The rate of increase in the Consumer Price Index (CPI) remained very low in September. The Bureau of Labor Statistics release of the Consumer Price Index indicates that the CPI for all urban consumers (CPI-U) rose only 0.1% in September, following a 0.3% increase in August. Over the past 12 months the index has increased 1.1%.
Increases in the price of food and gasoline contributed to the monthly increase. The food index rose 0.2% in September, following a 0.3% rise in August. The energy index rose 0.7% in September, after a 2.3% increase in August. The increase in the energy index was driven by a 1.6% increase in gasoline prices. Household energy prices fell 0.6% in September with a reduction in gas and electricity prices. Year-over-year, the food index is up 1.4%, while the energy index is up 3.8%.
Core CPI, all items less food and energy, was again flat, showing zero growth in both August and September. Over the past 12 months core CPI has grown a meager 0.8%, the lowest annual increase since March of 1961.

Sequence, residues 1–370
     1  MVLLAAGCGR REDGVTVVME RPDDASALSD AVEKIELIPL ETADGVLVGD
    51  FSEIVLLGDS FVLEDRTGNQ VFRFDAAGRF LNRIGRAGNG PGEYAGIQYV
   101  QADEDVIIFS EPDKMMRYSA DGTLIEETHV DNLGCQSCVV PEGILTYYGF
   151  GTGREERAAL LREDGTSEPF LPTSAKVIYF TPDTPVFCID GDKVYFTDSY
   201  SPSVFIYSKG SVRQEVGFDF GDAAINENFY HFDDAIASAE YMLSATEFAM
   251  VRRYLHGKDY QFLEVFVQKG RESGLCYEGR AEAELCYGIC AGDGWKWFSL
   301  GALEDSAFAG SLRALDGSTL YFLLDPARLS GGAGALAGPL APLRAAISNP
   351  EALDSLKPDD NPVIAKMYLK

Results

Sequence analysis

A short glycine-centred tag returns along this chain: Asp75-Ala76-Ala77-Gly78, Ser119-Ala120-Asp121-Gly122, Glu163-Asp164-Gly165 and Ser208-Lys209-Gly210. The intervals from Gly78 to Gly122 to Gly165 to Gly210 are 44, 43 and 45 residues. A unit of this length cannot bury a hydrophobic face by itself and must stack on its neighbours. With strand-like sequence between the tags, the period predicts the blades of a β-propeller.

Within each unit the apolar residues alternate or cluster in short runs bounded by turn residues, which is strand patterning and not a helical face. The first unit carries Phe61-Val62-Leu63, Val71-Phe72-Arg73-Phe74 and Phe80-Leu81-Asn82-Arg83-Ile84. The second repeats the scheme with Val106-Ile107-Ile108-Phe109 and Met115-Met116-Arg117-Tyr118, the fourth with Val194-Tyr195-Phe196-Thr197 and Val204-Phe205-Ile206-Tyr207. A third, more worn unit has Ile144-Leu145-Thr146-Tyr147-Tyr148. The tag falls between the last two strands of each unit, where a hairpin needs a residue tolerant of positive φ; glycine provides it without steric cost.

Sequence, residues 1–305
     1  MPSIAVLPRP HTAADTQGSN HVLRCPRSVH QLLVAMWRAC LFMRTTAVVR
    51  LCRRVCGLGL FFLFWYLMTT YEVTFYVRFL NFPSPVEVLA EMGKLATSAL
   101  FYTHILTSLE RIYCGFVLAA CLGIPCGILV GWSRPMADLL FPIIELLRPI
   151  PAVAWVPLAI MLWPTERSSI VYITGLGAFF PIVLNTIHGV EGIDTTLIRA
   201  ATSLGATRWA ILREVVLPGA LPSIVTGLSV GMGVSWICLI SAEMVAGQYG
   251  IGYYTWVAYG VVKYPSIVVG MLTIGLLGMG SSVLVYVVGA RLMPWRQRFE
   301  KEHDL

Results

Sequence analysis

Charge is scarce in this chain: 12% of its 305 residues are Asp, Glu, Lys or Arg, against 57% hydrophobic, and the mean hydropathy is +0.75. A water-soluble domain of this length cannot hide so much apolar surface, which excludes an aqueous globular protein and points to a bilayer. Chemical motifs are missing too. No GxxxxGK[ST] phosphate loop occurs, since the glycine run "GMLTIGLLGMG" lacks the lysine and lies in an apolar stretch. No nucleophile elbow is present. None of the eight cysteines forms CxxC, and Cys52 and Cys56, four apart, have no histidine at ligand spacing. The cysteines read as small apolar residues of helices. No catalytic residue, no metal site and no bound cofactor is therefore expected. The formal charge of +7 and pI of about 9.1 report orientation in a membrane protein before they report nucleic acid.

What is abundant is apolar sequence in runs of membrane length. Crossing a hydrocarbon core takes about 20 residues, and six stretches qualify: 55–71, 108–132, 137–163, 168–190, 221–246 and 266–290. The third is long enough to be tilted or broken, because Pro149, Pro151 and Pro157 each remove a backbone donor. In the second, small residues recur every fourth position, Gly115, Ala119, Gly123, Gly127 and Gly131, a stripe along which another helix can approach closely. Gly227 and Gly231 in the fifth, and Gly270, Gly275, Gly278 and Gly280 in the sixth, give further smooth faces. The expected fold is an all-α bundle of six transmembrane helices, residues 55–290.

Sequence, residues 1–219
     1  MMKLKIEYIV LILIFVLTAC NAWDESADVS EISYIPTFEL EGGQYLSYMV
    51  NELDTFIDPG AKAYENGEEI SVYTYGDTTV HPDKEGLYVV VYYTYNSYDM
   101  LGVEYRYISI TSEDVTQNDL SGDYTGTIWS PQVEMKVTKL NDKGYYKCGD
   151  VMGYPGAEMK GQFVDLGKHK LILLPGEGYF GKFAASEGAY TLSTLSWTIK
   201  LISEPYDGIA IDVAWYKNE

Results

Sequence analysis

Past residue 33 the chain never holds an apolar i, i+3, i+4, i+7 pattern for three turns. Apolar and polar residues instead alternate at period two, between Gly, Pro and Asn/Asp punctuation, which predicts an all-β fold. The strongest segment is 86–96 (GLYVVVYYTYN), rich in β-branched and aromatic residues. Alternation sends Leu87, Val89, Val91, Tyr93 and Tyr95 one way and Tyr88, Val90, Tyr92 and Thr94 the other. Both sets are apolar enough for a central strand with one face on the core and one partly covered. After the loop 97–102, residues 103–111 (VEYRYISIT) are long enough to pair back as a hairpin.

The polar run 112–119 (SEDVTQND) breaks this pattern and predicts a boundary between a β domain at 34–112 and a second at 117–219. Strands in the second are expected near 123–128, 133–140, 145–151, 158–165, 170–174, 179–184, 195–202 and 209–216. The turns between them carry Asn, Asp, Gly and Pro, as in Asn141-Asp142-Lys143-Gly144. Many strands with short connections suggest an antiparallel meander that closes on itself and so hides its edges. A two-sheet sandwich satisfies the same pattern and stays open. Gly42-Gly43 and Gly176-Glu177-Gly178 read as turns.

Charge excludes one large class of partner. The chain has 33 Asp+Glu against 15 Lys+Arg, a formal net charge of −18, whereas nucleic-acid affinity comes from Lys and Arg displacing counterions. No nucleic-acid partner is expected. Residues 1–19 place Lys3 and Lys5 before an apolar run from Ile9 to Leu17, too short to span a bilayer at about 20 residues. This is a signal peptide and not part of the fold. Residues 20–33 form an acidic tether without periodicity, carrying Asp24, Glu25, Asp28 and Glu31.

The shelter index was unchanged for the second month in a row. The owners’ equivalent rent component also remained at the same level for the second consecutive month. While the rent index rose 0.1%, this was offset by a 0.2% fall in the lodging away from home index. With high vacancy rates in both the owner occupied and rental markets, the shelter index has shown little change for much of 2010. Year-over-year, the shelter index has decreased 0.4%. The shelter index is a large component of the CPI, representing 31% of its total value. Slow growth in rent and rent equivalents has been a major factor in the slow growth of the CPI over the past year.
The low rate of inflation has the Federal Reserve Bank concerned about the possibility of deflation, an outcome we see as still unlikely. A weak housing market and high vacancy rates are likely to keep the shelter index on its current path, flat to slightly down, over the next 12 months. Food prices are likely be volatile, with recent announcements of grain poor harvests in the United States and lower production in several other major exporting countries. Energy prices are expected to remain relatively stable due to weak economic growth in major industrial economies slowing energy demand, despite robust economic growth in the developing world. Overall, we expect the CPI-U to remain around its current level of 1.1% annual rate through the remainder of 2010 and through 2011.